And this is also why I've personally had enough of these genome bloggers. No one cares about these personalities and their ideological agendas. Just because someone starts a blog and posts there instead of on a forum, does not make him some sort of omniscient authority and/or knowledge guru that's impossible to argue against. All it means is that bloggers are either too snobby to post on a forum, want attention, or want to control the comment section when they're debating.

    That said, if Poles/Slavs have an inferiority complex because they feel some connection to the Scythians, maybe you can argue a serious case for that, but there's no question as far as I'm concerned, that they have more genetic connection to the Scythians than Greeks and other south Europeans do. Does this make Poles/Russians special or superior? No. All it means is that they're closer to ancient Indo-Iranians, just as modern Greeks are genetically closer to for example the ancient Romans or what the heck, even the ancient Babylonians, than Poles are.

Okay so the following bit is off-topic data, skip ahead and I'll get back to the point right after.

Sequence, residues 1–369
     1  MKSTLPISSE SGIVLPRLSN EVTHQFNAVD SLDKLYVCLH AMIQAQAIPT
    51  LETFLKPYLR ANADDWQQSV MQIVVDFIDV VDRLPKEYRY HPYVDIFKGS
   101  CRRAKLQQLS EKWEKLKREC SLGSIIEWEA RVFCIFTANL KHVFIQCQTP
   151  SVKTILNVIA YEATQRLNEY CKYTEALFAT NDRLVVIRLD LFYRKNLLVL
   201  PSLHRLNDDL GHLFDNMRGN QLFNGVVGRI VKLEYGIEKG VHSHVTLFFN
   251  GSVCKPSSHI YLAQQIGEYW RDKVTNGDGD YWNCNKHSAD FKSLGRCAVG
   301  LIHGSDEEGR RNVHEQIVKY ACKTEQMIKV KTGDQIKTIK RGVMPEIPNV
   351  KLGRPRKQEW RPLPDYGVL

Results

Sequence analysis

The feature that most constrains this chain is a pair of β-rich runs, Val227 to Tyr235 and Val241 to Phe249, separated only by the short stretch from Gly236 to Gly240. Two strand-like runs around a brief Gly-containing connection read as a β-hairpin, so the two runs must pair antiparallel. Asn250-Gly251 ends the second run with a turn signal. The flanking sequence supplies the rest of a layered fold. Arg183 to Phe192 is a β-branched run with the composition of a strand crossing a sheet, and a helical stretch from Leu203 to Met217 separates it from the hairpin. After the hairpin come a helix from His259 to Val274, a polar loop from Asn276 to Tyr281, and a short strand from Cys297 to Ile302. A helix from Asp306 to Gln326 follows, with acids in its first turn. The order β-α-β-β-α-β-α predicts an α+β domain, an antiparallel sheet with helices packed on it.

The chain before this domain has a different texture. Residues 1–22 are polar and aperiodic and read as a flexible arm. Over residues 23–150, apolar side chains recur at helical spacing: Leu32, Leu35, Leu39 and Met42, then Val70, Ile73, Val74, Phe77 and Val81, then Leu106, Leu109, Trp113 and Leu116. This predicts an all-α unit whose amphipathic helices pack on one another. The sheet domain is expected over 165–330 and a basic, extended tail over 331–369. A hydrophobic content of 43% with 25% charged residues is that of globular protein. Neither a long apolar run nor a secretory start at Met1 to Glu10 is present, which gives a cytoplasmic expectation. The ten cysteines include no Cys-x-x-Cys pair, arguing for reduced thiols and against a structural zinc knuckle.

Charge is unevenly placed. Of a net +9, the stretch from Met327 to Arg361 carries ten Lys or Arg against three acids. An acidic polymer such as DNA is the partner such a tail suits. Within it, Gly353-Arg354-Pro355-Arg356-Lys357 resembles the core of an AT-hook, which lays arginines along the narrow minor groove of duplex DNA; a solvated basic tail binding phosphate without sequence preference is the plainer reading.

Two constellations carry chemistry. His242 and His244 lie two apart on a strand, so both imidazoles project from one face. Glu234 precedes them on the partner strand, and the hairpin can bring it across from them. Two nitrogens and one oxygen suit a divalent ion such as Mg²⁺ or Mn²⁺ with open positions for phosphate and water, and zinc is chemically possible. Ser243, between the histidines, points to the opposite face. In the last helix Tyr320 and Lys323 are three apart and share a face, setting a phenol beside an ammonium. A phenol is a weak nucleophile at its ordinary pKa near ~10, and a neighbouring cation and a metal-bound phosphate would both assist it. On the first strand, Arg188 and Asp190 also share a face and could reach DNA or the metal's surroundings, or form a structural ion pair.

Last edited by EliasAlucard; 2017-03-21 at 23:38.
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    Quoted for truth:
    Quote Originally Posted by Alaron View Post
    Anatolian Urhemait supporters are mostly butthurt Meds.
    For the lulz:
    Quote Originally Posted by drgs View Post
    Poland is a misunderstanding. It is a country which lies on the frontier between western and slavic world, and which combines elements of both.
    In fact, they are not even the Europeans in strict sense, meaning European as in bearing the responsibility and understanding of European interests. Poland has always been an subordinate country, on one side sucking German dick, on the other side -- Russian one, some kind of "novice" europeans, who are full of inferiority complexes, hysteria and obsessity neuroses. This is also true for all Baltic countries

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  9. #55
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    Quote Originally Posted by EliasAlucard View Post
    This discussion was about Poles and Scythians, and you and others came in and accused Poles and other Slavs of claiming Scythians because they lack a glorious past during antiquity.